Pageantry, history, and change
By Alan Caruba
web posted May 2, 2011
Last week ended in pageantry that altered history in ways the whole world could take notice, vicariously participate, and absorb into the collective conscience. On Friday the heir to the British throne married and a former commoner became the future queen of England. The world rejoiced.
On Sunday, Pope John Paul was beatified, a step toward sainthood, in an expedited Vatican process that was a response to the crowds who gathered at his funeral on April 8, 2005 and cried out "Santos Subito!" Sainthood now.
The evening before was the annual black-tie White House Correspondent's Association Dinner, a gathering whose humble beginnings reflected the job of covering the presidency. The Association was formed in 1914 in response to news that President Wilson wanted to hold regular press conferences, but wasn't sure who should attend. The reporters wanted to make sure they made that decision. They held their first dinner in 1920 and, in 1924, Calvin Coolidge was the first President to attend.
Today the dinner is a glitzy affair and can be watched on C-SPAN. As Dana Milbank of The Washington Post noted in an April 29 commentary, the dinner has spawned twenty parties around the event, sponsored by corporations and media organizations who invite film and television celebrities who are also guests at the dinner. It's a chance for star-struck reporters to rub shoulders with them.
"The correspondent's association dinner was a minor annoyance for years," wrote Milbank, "when it was a 'nerd prom' for journalists and a few minor celebrities. But as with so much else in this town, the event has spun out of control. Now awash in lobbyists and corporate money, it is another display of Washington's excesses."
What ties the dinner together with the beatification ceremony the following day was inadvertently touched upon by Wall Street Journal columnist, Peggy Noonan, a former speechwriter for President Ronald Reagan, historian, bestselling author, and a national treasure.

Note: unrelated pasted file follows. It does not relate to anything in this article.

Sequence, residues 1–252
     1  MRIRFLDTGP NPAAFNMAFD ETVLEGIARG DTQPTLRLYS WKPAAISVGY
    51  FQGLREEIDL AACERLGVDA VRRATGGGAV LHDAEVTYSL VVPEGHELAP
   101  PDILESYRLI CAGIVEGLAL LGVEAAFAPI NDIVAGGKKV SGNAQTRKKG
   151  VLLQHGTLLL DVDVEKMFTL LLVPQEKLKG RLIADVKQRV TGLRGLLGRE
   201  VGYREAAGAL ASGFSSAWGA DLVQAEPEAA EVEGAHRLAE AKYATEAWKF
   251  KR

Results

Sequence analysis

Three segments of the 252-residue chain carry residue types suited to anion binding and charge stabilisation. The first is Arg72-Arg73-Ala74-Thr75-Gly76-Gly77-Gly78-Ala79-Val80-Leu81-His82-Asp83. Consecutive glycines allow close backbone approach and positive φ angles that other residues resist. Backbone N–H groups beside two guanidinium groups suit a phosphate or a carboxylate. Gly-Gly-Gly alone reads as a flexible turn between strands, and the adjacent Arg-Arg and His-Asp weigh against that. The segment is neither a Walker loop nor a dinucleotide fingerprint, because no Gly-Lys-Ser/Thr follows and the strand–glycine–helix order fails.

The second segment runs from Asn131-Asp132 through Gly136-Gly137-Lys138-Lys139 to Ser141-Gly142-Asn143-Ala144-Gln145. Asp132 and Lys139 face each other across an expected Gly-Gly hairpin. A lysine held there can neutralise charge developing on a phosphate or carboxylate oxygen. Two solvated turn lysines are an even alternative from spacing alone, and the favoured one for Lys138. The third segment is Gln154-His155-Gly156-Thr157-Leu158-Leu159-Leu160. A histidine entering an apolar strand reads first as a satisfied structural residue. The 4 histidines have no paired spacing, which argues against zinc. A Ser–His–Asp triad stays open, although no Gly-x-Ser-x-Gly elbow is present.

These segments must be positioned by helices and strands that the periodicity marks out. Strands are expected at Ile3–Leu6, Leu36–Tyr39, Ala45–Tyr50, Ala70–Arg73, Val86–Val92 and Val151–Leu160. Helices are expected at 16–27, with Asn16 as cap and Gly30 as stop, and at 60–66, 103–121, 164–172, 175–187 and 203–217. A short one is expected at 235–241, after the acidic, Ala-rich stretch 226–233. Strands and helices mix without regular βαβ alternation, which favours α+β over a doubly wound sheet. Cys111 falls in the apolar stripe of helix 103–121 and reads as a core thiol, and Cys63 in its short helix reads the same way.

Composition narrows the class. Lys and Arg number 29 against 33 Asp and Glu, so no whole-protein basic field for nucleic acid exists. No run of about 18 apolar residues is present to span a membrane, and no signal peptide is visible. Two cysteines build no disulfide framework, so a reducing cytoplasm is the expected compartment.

Writing about Pope John Paul's historic visit to his native Poland in June 1979, Noonan noted that the Mass he conducted was attended by easily a million or more Poles, but when "Everyone at the Mass went home and put on state-controlled television to see the coverage of the great event, they knew millions had been there, they knew what was said, they knew everyone there was part of a spiritual uprising. But the state-run TV had nothing. State-run TV had a few people in the mud and a picture of the pope."
"Everyone looked at the propaganda of the state, at its lack of truthfulness and its disrespect for reality, and they thought: It's all lies. Everything the government says is a lie. The government itself is a lie."
Poland along with Eastern Europe was still in the iron grip of the Soviet Union as it had been since the end of World War Two. In Poland, however, resistance had begun in the form of the Solidarity Movement. Lech Walessa, its leader, told Noonon "We knew…communism could not be reformed. But we knew the minute he touched the foundations of communism, it would collapse."
The collapse that came began with the failure of the Polish state-controlled press to tell the truth.
While the United States does not have a state-controlled press, the rise of many news and news analysis sites on the Internet has made it clear to a growing body of Americans that the mainstream news media has failed or refused to report the truth.
The election of President Barack Obama in 2008 is now largely attributed to the slavish adoration and biased reporting that lifted him from virtual obscurity and put him in the Oval Office.
The release of an obviously fraudulent "birth certificate" this past week evoked virtually no outrage in the media. Instead they demanded that the issue of Obama's eligibility to hold the highest office in the land had been settled. It had taken nearly two years since an initial, comparable certificate had been put out by his campaign to get a repeat of that fraud.
The trust that was formerly given the media has been steadily eroded for years and with good reason.
Milbank wrote that he did not fault any one host for throwing a party "or any journalist for attending. Many of them are friends. There's nothing inherently wrong with savoring Johnnie Walker Blue with the politicians we cover. But the cumulative effect is icky."
That's a pretty good description of the nation's mood about President Obama and those charged with reporting on him. It's "icky."
This is a President who is calling for higher taxes in the midst of a severe recession, increasing inflation, $4 a gallon gasoline at the pump, a distressed housing market, and high unemployment.
This is a President who will not let our vast national reserves of oil and coal be developed for America's use. This is a President advocating high speed trains, wind and solar power, electric cars. He shuns our allies and thinks he can pick the winners and losers in the "Arab spring" as despots are being overthrown and challenged.
Not only has our federal government been debased by a Marxist regime, but those charged with reporting on it have allowed themselves to be seduced by it.
"Santos Subito!" is a call for a renewed spiritual faith and the spiritual values that Americans of all faiths want and need in order to replace the quasi-communist regime in Washington, D.C.
Alan Caruba writes a daily post at http://factsnotfantasy.blogspot.com. An author, business and science writer, he is the founder of The National Anxiety Center. © Alan Caruba, 2011
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